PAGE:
Max Wiringa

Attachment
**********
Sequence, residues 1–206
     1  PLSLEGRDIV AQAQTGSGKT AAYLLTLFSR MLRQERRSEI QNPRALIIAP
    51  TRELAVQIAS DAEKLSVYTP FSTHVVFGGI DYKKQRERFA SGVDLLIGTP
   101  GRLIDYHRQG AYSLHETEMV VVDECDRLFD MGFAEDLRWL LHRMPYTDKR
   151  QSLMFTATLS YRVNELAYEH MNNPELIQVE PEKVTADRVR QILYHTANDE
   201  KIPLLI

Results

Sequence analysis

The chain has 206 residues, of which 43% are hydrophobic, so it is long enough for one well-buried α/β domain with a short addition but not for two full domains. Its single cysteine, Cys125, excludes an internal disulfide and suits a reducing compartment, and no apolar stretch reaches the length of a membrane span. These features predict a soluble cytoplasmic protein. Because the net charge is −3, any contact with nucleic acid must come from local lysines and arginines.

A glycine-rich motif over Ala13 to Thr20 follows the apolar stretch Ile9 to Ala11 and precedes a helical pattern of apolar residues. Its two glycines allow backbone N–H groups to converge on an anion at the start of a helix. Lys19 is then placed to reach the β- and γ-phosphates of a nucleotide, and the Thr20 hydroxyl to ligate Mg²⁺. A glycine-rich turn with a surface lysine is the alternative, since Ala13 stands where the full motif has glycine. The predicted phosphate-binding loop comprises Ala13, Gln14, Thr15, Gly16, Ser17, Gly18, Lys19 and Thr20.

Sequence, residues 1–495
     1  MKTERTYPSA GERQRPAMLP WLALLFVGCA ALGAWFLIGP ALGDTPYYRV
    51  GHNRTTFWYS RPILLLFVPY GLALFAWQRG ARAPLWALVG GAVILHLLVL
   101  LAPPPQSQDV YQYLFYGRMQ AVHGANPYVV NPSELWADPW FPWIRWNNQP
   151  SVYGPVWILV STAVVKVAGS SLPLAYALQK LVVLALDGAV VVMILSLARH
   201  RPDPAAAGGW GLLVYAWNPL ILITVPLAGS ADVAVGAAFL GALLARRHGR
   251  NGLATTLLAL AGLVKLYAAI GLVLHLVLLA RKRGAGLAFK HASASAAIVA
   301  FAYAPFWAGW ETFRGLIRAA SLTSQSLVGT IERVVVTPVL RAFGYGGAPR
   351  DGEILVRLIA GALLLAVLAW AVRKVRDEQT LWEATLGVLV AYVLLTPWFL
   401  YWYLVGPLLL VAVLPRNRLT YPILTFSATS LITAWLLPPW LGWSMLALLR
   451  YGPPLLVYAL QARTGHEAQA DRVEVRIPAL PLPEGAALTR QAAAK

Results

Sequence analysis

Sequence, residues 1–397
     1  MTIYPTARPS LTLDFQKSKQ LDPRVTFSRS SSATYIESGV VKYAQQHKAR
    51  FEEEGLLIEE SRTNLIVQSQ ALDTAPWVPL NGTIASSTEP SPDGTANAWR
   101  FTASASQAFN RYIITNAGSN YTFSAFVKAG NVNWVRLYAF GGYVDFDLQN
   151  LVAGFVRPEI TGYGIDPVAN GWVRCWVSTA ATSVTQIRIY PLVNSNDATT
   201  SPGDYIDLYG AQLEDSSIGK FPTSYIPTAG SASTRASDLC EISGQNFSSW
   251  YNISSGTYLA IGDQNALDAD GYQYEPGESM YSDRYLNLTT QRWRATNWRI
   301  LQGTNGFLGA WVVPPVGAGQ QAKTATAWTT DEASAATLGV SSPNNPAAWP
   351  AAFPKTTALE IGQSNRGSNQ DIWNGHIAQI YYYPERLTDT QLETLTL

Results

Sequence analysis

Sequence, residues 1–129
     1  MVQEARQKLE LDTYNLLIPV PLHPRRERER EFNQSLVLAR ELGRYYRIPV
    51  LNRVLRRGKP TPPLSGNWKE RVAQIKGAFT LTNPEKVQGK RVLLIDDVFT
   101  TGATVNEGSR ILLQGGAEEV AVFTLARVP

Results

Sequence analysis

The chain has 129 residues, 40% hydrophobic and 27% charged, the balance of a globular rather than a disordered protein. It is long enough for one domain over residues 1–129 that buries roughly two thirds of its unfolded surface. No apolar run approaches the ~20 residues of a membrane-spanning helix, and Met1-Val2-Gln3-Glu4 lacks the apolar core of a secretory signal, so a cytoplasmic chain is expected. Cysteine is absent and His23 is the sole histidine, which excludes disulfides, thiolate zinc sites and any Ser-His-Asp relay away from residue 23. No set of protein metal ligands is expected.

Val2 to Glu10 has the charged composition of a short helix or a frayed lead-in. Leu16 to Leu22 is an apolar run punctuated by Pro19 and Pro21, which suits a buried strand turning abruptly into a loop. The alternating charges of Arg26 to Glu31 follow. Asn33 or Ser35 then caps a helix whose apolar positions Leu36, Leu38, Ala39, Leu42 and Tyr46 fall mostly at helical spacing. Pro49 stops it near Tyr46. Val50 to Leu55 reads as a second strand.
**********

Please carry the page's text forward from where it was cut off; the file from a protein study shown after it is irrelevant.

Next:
This PhD project tries to revise the introduction of Renaissance architecture in the Low Countries by looking at architectural fragments in prints and paintings by artists such as Jan Gossart, Bernard van Orley and Lanceloot Blondeel. Their designs were seen as ‘wrong’ soon after Pieter Coecke van Aelst published his pirated translation of Serlio's Books of Architecture in 1539, which cemented the Five Column Orders of Architecture in tradition. Coecke especially condemned the ‘confusing’ proportioning in paintings and the careless reassembling of fragments. However, the seemingly fantastic architecture of these painters belies a systematic use of all sorts of two- and three-dimensional appropriations of antiquity available in the North. Neither Coecke nor his contemporaries have been studied for their use of antique-seeming fragments as an indication of antique architecture. Nor has this visual strategy of representing architectural space in antique guise through (re-)composition been systematically connected with contemporary architecture. The role prints had in offering model fragments will be examined in depth as well. It was through prints that the architectural fragments quickly spread through the whole of Europe. The dissertation will focus on a well-defined corpus, chiefly dated between 1509, when Jan Gossaert arrived in Italy and 1539, when Coecke’s first translation of Serlio came out. The PhD is part of the project Fragments of Order. Constructing Renaissance Architecture in the Low Countries, which is financed by the FWO (Research Foundation – Flanders) and supervised by Professor Krista De Jonge.